AVC: When it came time to cast the actors for the film, what did Eve need to be on-screen that she was not necessarily on the record? Was there any thought given to making the movie with the performers from the record?
SM: I had an inkling when we did open casting for the record—and that just started in Glasgow with me posting notices up around cafés and stuff and in a local magazine—I thought that I would get an Eve. I thought that I would get this primal force, this singer that I could mold into an actor—that she could help me write the script. In a sense, you never quite get what you’re looking for. We ended up with a group of singers. The main person was Catherine Ireton. She became the voice of Eve for the record, and we toured around and, professionally, we became close, and she became a close friend of my wife. So Catherine and I, we had this real relationship, and she loved the character, she loved singing, and it was really a big thing to let her down, to say that she wasn’t going to play Eve. It wasn’t until very late on that I realized that wasn’t going to happen, because I was rooting for her. I’m a loyal person, on the whole. But I think what happened is that so much time had passed. When we came to cast James—as soon as I saw Olly, he was the one. But he was so much younger than James was in my mind. And it meant that he didn’t really match up with Catherine. It would have been sort of unbelievable because Catherine’s a little bit older. At that point, she wasn’t going to play Eve. Everything unraveled at that point.
AVC: In writing the script, how did you decide which songs would be sung on-screen and which would simply play an environmental role? For example, “Perfection As A Hipster” is a duet between Eve and Anton on the record, whereas it plays on the radio during one of their rendezvous in the film.
SM: That’s a really good question. Luckily, with filmmaking, there is a lot of slack. It’s famously said that you make the film when you’re writing it, and you make the film when you’re making it, and then you make it again when you’re editing. So there is a lot of slack, and each of the songs had its own little journey. All the songs have different functions within the film. Some Eve sings straight to camera, some are conversational—two characters singing to each other—and, some of them, the band are playing on stage in a real situation. With that song, I think I remember writing somewhere there’s a scene where they do actually sing that song to each other. But I suddenly thought, we already have this version sung by Neil [Hannon of The Divine Comedy], we’ll just have it playing in the background and it can illustrate what’s going on. This is a different use for the songs. The songs are really quite flexible.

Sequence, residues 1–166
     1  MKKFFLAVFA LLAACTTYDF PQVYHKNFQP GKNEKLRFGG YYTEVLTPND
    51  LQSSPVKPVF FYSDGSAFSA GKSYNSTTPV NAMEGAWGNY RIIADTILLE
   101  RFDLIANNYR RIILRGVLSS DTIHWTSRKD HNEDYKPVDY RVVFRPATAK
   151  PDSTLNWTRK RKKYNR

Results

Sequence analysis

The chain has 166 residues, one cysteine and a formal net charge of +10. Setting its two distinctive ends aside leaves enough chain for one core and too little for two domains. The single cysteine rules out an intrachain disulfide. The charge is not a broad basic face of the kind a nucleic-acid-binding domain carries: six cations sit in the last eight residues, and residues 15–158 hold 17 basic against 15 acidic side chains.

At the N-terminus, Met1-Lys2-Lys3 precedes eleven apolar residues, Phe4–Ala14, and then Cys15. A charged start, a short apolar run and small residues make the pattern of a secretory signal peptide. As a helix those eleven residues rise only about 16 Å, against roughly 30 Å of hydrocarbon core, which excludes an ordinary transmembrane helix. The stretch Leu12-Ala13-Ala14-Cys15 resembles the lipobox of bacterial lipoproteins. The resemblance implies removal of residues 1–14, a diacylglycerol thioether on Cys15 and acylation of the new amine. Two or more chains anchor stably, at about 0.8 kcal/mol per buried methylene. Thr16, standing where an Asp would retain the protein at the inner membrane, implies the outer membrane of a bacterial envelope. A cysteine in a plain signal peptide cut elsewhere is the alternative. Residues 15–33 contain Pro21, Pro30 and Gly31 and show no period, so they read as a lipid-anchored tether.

AVC: You’ve now been living with these characters and these songs for more than a decade. Does the film’s release feel like an official end to Eve’s story? Or do you think she could return at some point?
SM: It is an official end. It definitely is. It kind of doesn’t feel like it right now. I’m just so busy with Belle & Sebastian. Too much stuff is going on. To an extent, I felt a kind of ending as soon as we actually started filming because my idea of the three characters is necessarily different to the real-life people that we were filming. As soon as we started filming, a little bit of your vision gets lost. It’s probably not an unusual thing. I guess I’ve been saying cheerio to my characters since 2012, once we shot the film.
AVC: There’s a debate in the middle of the film about what makes a band. Cass suggests that because she, Eve, and James are taking day trips together and canoeing around Glasgow that they’re “definitely a band”; James counters that they’re “three people paddling a boat.” So what’s the difference between a band and three people paddling a boat?
SM: [Laughs.] That’s a good question because I’m not sure that I answered it. James says something about how a band should come along and sweep you away. Damn. When is that moment when a bunch of people actually become a group? I’ll have to refer to my own group, Belle & Sebastian. The people in Belle & Sebastian resisted it for quite a long time. We were a loose bunch of people called together to make one album for a college project. Stevie [Jackson] didn’t want to be in a band at that point. He was happy to help out, though. Chris [Geddes] and Isobel [Campbell] were just too young. They were just helping out. Richard [Colburn] was ready to be in a band. It’s a funny thing. I don’t know—when do you get to that moment when you get a tight-knit bunch of people? Even after we made two albums, I wasn’t sure. It doesn’t really answer your question.
AVC: It’s sort of a “when you know, you know” kind of situation.
SM: That’s probably as good an answer as ever. It took Belle & Sebastian quite some time.